Dating the reign of solomon

, , , 21:9) because the promised Messiah was to be a descendant of David.Matthew begins his Gospel with a detailed genealogy to prove that Jesus Christ fulfilled that requirement.There do appear to be connected scenes in the love relationship (see Outline).Virtually all agree that the literary climax of the Song is found in 8:6-7, where the unsurpassed power and value of love -- the love that draws man and woman together -- are finally expressly asserted.King David ranks with the great patriarchs of the Old Testament in many ways.At the time of Christ, a synonym for "Messiah" was "Son of David" (Mat.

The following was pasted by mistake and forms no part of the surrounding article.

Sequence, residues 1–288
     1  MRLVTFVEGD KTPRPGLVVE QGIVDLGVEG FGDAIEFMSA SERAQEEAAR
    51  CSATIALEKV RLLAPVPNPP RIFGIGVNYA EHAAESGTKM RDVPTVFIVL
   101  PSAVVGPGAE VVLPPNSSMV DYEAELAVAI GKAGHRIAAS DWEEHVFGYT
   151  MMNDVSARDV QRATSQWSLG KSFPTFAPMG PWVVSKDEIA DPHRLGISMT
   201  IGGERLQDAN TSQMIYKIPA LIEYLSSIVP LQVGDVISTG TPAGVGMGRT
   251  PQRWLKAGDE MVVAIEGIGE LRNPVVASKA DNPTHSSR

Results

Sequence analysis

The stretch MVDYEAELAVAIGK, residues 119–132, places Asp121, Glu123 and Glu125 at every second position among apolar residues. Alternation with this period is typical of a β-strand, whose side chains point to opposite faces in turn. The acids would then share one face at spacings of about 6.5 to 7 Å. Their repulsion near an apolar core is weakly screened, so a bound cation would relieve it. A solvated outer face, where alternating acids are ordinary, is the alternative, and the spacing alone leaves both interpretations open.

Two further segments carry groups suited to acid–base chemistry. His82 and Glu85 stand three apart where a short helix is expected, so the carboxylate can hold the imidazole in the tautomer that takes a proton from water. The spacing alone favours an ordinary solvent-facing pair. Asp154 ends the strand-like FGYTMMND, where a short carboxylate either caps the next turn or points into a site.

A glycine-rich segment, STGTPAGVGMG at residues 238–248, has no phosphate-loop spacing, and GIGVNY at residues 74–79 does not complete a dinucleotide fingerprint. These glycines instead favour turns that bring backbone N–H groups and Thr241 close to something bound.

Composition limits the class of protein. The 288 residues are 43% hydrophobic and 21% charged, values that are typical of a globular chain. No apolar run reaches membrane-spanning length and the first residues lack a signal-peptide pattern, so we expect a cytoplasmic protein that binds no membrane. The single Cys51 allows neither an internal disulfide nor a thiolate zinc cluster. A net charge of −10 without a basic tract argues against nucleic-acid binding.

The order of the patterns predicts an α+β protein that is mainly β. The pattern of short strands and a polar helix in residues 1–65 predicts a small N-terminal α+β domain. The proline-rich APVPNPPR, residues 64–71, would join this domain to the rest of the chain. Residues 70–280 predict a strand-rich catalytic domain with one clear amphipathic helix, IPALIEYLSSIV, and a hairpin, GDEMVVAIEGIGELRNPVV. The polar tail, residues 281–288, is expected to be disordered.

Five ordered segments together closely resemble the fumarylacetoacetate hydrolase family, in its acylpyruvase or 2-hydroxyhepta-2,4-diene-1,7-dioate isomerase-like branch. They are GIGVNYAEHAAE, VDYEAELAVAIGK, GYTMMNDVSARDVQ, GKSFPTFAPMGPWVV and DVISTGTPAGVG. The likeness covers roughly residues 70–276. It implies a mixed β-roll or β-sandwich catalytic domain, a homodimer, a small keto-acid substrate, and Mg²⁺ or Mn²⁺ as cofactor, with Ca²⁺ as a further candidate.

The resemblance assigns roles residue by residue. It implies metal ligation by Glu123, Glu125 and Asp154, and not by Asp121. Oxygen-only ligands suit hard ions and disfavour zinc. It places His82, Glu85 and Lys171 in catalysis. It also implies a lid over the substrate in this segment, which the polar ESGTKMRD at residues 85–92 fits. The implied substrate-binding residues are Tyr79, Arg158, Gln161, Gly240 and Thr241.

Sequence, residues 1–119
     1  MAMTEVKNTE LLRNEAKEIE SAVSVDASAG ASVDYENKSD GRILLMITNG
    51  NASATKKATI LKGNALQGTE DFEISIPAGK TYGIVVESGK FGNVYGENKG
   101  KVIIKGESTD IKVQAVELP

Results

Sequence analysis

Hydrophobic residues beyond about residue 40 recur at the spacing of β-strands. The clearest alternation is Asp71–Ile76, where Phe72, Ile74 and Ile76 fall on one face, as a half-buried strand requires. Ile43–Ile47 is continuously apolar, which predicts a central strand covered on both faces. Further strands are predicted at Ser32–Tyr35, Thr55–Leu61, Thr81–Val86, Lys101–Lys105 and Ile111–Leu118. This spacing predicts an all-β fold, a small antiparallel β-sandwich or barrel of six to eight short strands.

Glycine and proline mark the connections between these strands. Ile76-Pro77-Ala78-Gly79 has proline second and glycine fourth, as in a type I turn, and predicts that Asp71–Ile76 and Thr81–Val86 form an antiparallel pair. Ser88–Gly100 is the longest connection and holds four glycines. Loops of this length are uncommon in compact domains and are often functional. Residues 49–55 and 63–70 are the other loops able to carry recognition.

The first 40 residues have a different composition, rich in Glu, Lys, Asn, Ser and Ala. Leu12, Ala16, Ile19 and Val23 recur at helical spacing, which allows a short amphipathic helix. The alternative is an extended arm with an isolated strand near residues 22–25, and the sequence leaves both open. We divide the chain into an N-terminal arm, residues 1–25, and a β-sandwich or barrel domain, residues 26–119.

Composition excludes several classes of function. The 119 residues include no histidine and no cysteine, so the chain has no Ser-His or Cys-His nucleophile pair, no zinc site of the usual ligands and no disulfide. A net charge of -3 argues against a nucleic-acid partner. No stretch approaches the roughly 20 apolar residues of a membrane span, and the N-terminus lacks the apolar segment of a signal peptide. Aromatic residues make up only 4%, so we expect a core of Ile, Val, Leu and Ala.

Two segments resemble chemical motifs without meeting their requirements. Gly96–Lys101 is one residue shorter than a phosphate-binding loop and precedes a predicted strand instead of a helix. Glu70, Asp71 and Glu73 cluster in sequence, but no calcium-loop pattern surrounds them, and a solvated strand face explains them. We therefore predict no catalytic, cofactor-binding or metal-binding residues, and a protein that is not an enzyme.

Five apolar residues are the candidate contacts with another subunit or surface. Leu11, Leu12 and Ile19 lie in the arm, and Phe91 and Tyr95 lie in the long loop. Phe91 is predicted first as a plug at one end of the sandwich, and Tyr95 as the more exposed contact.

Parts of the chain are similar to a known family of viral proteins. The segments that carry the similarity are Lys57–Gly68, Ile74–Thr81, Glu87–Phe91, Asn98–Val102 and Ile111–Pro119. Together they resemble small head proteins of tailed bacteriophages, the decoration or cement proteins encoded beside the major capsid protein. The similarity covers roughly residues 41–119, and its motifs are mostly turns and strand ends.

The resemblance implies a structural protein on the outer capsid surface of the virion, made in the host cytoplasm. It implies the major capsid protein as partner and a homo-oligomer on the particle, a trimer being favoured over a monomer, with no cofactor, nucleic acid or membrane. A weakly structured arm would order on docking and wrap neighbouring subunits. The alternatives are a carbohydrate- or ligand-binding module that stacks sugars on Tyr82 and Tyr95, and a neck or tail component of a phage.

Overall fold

She hints, without saying so explicitly (see the last NIV text note on 8:6), that it is the Lord's gift.Verse 1 appears to ascribe authorship to Solomon (see note on 1:1; but see also Title above). In fact, mention of Tirzah and Jerusalem in one breath (6:4; see note there) has been used to prove a date prior to King Omri (885-874 b.c.; see 1Ki -24), though the reason for Tirzah's mention is not clear.Solomon is referred to seven times (1:1,5; 3:7,9,11; -12), and several verses speak of the "king" (1:4,12; 7:5), but whether he was the author remains an open question. On the other hand, many have appealed to the language of the Song as proof of a much later date, but on present evidence the linguistic data are ambiguous.It is also distinct from more modern interpretations of the Song, such as that which sees it as a poetic drama celebrating the triumph of a maiden's pure, spontaneous love for her rustic shepherd lover over the courtly blandishments of Solomon, who sought to win her for his royal harem.Rather, it views the Song as a linked chain of lyrics depicting love in all its spontaneity, beauty, power and exclusiveness -- experienced in its varied moments of separation and intimacy, anguish and ecstasy, tension and contentment.

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